1. You never know what to expect when you walk into work. Everyone has their bad days; it’s happens, and we’re only human. Sometimes, your boss or a colleague just happens to be in a bad mood, and there isn’t much that you can do about that beyond riding the wave and waiting for it to pass. But if you are never sure of what sort of moods and attitudes you’ll be encountering every day you set foot in work, and if you find yourself constantly preparing your mental state for the very worst, then it is highly likely that something unhealthy is at play. No one should be wondering, “What now? What next?” whenever they start a new day, afraid of being blindsided by someone’s foul mood, or something that occurred, some catalyst that incited a shit show, to which you are not privy. Every given day is not without uncertainty to some extent; life happens, shit happens, and you can’t predict everything. Except when there’s a pattern, or things just seem to ‘go wrong’ often enough that it can’t be chalked up to bad luck.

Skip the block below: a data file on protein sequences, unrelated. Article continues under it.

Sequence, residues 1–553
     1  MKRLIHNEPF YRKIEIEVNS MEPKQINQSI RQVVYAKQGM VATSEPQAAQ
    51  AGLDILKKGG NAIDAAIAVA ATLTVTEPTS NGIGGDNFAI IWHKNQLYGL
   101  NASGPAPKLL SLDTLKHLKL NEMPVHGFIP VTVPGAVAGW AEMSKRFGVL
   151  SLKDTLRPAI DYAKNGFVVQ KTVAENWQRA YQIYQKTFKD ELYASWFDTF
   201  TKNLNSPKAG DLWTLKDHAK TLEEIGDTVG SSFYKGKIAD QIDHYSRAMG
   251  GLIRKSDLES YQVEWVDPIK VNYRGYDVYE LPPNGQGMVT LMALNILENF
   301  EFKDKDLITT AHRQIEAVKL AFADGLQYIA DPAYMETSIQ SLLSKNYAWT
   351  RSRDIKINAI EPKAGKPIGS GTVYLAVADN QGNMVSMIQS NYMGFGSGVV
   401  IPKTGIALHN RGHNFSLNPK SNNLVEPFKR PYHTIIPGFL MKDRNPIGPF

2. Nothing you do is ever deemed good enough. I’m not merely referring to the fact that all of your hard work goes unrecognized, but that you always seem to be at fault for something, whether or not it is within your control. Self-improvement is important, and whatever your occupation, you should strive to exhibit the best performance possible. But… how is that at all possible, when your performance is constantly being put down in one way or another? I once had a professor in university that declared, on the very first day of their class, that they “Absolutely never gave out A+s”. The result? People were hesitant to give their best efforts because they didn’t think that it mattered. The same goes for your work environment, because if what you’re doing right is seldom acknowledged, while even the smallest mistakes are amplified, you’re going to wonder if giving it your best is worth the time and energy.